J Am Acad Child Adolesc Psychiatry. 2022 Aug; 61(8): 957–959.

Published online 2022 Feb 24. doi: 10.1016/j.jaac.2022.02.007

PMCID: PMC8865911

PMID: 35219806

Posttraumatic Stress Disorder in Children in the Context of the COVID-19 Pandemic

Betty Pfefferbaum, MD, JD∗

Author information Article notes Copyright and License information Disclaimer

 

With its global spread and protracted threat, mounting morbidity and mortality, pervasive social and economic ramifications, vital public health measures, and often compromised risk communication, the COVID-19 pandemic has increased the risk to children’s emotional health relative to more common biological, natural, and man-made events. Posttraumatic stress disorder (PTSD) and PTSD symptoms have been the primary focus of child disaster mental health research. The adult literature has questioned the appropriateness of focusing on PTSD in the context of the COVID-19 pandemic, because most of the extensive adult research on PTSD has not appropriately assessed all diagnostic criteria for the disorder.1 The pandemic experiences of participants in most studies examined in a recent review did not meet the PTSD exposure criterion,1 which requires that exposure be “directly” experienced, witnessed in person, secondary to the involvement of a close family member or friend, or “repeated or extreme” contact with “aversive details” of the event.2 Instead, participants’ experiences were primarily indirect (eg, media contact) and constituted fear related to contracting the disease.1 This concern extends to the relatively few empirical COVID-19 studies of PTSD in children and exemplifies a problem in many child disaster mental health studies, especially those assessing general population samples that primarily comprise children who do not meet the PTSD exposure criterion.

 

With its global spread and protracted threat, mounting morbidity and mortality, pervasive social and economic ramifications, vital public health measures, and often compromised risk communication, the COVID-19 pandemic has increased the risk to children’s emotional health relative to more common biological, natural, and man-made events. Posttraumatic stress disorder (PTSD) and PTSD symptoms have been the primary focus of child disaster mental health research. The adult literature has questioned the appropriateness of focusing on PTSD in the context of the COVID-19 pandemic, because most of the extensive adult research on PTSD has not appropriately assessed all diagnostic criteria for the disorder.1 The pandemic experiences of participants in most studies examined in a recent review did not meet the PTSD exposure criterion,1 which requires that exposure be “directly” experienced, witnessed in person, secondary to the involvement of a close family member or friend, or “repeated or extreme” contact with “aversive details” of the event.2 Instead, participants’ experiences were primarily indirect (eg, media contact) and constituted fear related to contracting the disease.1 This concern extends to the relatively few empirical COVID-19 studies of PTSD in children and exemplifies a problem in many child disaster mental health studies, especially those assessing general population samples that primarily comprise children who do not meet the PTSD exposure criterion.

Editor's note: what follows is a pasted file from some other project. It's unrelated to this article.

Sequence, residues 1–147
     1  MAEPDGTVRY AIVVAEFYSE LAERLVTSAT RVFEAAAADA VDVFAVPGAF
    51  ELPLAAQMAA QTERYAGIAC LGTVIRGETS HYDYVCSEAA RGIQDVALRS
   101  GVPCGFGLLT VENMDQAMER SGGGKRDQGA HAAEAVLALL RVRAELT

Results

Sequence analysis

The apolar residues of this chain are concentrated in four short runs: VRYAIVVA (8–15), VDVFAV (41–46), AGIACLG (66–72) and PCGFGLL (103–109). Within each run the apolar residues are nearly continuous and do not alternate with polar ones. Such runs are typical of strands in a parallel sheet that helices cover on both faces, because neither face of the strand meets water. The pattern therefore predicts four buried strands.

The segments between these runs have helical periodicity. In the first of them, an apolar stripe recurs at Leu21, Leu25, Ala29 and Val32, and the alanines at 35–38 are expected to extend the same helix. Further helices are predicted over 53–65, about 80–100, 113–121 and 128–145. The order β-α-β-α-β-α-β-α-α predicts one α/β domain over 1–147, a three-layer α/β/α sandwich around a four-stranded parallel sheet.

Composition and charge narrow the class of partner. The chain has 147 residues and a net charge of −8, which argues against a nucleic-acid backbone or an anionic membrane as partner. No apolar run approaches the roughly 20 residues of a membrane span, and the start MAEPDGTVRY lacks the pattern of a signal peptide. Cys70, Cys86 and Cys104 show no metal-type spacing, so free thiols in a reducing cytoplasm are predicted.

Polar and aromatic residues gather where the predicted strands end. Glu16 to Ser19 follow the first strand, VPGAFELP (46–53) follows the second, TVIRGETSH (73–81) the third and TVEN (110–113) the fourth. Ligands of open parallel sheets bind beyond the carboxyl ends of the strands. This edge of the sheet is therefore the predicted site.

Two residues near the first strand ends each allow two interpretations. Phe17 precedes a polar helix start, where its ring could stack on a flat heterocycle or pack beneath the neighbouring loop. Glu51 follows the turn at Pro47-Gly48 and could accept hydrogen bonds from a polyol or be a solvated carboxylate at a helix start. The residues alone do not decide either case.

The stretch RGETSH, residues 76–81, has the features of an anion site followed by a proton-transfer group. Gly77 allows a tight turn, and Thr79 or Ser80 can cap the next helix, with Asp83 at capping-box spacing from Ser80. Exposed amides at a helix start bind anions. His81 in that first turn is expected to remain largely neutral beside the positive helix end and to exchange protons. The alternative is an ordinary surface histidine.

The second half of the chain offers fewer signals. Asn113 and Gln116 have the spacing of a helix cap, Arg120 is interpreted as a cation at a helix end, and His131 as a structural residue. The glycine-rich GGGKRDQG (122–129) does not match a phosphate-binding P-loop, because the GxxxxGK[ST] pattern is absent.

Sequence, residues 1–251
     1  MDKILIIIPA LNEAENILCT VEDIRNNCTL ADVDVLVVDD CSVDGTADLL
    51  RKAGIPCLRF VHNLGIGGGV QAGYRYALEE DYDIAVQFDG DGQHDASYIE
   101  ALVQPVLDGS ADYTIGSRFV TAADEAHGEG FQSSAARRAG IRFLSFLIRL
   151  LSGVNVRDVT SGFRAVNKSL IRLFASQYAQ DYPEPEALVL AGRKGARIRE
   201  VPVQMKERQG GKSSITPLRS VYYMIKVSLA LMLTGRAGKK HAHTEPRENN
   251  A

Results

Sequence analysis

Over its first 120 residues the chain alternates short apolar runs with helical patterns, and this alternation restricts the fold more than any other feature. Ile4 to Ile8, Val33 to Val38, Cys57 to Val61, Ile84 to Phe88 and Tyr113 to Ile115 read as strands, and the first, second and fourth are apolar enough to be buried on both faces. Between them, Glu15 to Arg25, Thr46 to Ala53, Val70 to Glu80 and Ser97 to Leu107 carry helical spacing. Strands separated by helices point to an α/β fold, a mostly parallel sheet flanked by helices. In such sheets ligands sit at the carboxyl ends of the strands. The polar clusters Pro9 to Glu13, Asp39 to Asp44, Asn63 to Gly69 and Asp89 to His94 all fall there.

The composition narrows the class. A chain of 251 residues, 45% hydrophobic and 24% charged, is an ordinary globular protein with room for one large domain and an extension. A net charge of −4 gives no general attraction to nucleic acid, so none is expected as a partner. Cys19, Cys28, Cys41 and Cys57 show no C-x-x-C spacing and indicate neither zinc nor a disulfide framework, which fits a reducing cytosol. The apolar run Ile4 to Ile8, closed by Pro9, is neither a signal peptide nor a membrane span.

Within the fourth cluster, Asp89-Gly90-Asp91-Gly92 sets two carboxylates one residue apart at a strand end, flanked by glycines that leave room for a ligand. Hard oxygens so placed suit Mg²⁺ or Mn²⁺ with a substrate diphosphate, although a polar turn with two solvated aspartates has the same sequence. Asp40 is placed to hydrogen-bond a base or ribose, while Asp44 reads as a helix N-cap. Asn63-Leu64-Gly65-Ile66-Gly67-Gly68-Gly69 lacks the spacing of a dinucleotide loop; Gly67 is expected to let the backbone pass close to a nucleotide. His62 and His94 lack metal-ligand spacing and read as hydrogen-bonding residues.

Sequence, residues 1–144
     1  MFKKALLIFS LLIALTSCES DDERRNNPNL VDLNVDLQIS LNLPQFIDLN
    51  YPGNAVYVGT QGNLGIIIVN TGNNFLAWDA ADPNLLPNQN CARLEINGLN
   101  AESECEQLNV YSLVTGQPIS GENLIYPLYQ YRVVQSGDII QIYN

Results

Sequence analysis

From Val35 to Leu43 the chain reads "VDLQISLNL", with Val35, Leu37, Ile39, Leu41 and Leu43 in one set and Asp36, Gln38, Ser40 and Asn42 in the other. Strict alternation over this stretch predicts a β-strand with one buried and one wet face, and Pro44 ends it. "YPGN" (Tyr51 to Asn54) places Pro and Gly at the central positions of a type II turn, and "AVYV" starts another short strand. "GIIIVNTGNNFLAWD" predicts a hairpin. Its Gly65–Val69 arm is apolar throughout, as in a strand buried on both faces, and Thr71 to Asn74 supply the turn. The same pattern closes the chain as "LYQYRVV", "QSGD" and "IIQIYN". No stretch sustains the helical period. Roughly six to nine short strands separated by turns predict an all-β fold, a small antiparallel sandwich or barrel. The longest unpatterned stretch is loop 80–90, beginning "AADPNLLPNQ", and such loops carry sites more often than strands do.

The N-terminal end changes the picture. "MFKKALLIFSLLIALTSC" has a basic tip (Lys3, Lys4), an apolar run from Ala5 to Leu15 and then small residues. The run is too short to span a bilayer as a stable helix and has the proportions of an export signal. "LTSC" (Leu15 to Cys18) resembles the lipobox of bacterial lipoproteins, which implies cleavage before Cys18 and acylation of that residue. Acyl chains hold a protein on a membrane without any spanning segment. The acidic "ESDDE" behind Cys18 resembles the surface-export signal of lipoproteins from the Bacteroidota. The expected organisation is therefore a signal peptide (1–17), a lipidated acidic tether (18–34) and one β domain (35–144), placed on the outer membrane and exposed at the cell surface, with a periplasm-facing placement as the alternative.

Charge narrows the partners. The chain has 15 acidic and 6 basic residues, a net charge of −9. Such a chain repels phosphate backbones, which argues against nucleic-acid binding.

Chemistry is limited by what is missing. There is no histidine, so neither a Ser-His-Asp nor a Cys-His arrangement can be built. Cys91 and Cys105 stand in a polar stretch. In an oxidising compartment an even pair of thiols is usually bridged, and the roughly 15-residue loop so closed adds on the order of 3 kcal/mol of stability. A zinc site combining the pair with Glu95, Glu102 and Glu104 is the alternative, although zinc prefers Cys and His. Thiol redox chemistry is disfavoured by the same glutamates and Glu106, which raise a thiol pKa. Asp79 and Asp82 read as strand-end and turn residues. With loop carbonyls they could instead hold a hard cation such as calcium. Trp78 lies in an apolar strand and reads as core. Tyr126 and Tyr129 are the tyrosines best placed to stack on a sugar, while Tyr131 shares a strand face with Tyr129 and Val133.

A review of exposure characteristics, PTSD rates, and the assessment of diagnostic criteria in 6 COVID-19 studies that assessed PTSD in general child populations345678 evidenced the concerns raised in the adult literature.1 Only 2 papers provided much detail on participants’ COVID-19 experiences or exposure,5 , 6 and none clearly limited the diagnosis of PTSD to participants who met the exposure criterion. In a sample with a sizeable number of children who knew someone who tested positive for, or died of, COVID-19, 45% scored above the study’s threshold for PTSD.5 In another study, relatively few Saudi Arabian children personally suffered COVID-19 or had close relatives or friends with the disease, although the authors reported “potential PTSD” in 13.0% of the participants.6 Two other studies used scales to assess children’s pandemic experiences but provided minimal information on the items queried8 or the results.3 , 8 Reported rates of “probable PTSD” were 35.4% in a sample of adolescents in a “severely affected” area of China8 and 16.9% in a sample of students in a Chinese community after strict lockdown measures had been lifted.3 Two studies, which noted widespread public health restrictions but failed to describe participants’ COVID-19 exposures, found that 20.7% of children from regions across China scored above the study’s cutoff for PTSD4 and “high risk” for PTSD in 3.16% of a sample of Chinese school children in an area that was not severely affected by the disease.7